From: Asmus Freytag (firstname.lastname@example.org)
Date: Tue Dec 24 2002 - 15:01:20 EST
At 12:54 PM 12/24/02 +0000, Michael Everson wrote:
>At 11:44 +0000 2002-12-24, John Clews wrote:
>>However, just out of interest, is there a brief rationale from those
>>involved in UTC as to why that separation of Greek and Coptic is a
>>while any proposal to add a Cyrillic Q and W, ... would be a "bad thing"?
One of the problems is that modern computer character sets have been
Latin+Cyrillic, allowing users easy access to Latin Q and W when processing
Cyrillic. Essentially, existing character sets before Unicode, in other
words legacy character sets, have set the precedent for this unification.
Disunifying this belatedly in Unicode would introduce non-negligible data
conversion problems. This situation is exacerbated by the fact that Latin
and Cyrillic Q and W do not look noticably different, if at all, which
means that the even the (inadvertant) future use of Latin Q and W cannot be
ruled out, perpetuating the incidences of dual encoding.
Coptic does not have this legacy issue, for one there aren't any parts of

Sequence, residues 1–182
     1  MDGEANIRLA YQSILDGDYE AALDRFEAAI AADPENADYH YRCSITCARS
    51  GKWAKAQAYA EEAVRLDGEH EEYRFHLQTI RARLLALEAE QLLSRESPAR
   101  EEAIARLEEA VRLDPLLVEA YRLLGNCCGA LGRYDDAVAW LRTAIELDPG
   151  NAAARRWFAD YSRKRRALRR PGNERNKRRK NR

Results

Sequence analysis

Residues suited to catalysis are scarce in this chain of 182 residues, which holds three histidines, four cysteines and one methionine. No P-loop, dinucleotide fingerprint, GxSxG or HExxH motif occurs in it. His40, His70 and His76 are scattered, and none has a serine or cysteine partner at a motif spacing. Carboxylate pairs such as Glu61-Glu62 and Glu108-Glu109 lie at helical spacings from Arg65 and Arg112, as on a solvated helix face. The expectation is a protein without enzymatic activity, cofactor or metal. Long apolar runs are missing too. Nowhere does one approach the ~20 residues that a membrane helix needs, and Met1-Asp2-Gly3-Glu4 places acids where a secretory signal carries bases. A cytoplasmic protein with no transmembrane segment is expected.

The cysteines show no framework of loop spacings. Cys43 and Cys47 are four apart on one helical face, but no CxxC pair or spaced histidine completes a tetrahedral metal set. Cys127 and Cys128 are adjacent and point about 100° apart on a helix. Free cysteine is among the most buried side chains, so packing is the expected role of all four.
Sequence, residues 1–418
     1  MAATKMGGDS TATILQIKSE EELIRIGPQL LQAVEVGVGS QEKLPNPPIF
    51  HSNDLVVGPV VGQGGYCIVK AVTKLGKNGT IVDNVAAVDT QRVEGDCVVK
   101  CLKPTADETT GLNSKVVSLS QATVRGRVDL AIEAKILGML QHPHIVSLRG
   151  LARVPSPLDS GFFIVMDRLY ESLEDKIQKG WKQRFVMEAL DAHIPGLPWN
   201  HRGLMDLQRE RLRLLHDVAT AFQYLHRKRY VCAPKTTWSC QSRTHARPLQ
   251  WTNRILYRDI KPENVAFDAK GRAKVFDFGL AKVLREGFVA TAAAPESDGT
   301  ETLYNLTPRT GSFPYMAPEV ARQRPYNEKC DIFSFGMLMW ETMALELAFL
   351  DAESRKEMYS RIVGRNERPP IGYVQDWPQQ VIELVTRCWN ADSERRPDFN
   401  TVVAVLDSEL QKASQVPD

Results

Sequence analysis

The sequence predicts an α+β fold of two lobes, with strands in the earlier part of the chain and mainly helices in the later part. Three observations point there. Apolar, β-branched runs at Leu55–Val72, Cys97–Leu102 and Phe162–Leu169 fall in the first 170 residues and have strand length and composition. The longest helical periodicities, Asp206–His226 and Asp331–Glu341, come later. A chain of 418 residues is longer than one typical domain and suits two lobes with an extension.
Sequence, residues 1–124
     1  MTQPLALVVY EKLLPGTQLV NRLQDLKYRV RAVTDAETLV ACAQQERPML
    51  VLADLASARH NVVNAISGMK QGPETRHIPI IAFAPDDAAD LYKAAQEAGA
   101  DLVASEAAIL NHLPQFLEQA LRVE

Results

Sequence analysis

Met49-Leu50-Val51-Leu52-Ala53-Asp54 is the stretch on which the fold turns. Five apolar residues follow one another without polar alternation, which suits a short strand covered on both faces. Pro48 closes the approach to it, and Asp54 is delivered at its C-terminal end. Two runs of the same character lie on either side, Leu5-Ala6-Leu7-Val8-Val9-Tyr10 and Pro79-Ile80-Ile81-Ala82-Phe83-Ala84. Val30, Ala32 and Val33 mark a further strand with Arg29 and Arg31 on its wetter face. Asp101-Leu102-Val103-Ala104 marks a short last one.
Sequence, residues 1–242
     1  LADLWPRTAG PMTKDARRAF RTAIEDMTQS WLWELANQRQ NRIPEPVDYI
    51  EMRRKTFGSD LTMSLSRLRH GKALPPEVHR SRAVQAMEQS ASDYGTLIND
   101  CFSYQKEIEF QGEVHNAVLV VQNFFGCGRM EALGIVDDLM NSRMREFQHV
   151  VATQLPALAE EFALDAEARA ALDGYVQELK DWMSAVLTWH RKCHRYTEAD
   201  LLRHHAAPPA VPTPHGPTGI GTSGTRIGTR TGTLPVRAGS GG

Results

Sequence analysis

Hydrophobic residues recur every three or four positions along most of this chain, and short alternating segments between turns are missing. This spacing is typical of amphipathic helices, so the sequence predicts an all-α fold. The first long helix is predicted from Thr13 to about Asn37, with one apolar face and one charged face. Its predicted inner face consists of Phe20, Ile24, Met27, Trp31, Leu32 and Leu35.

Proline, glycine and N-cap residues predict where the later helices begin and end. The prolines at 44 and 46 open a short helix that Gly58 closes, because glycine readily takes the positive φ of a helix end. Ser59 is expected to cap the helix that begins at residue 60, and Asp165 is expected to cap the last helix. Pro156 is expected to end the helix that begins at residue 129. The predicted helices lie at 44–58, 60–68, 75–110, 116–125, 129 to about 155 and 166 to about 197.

8859 that can be used for Coptic.
>Mostly it has to do with inertia and attachment to earlier (false)
>unifications. Having said that, it remains for appropriate papers to be
>written to convince the hard-liners of the wisdom of these
>disunifications. That takes time and effort.
In this particular example I think that is a gross mischaracterization. The
mere act of writing more papers will not change the interoperability and
legacy problems mentioned above.
PS: the situation for Georgian is yet again different, in my view it has
few analogies with either the Greek/Coptic or Kurdish examples, but I have
nothing new to add to the discussion at this time so I elided the mention
of it in the quoted text above.
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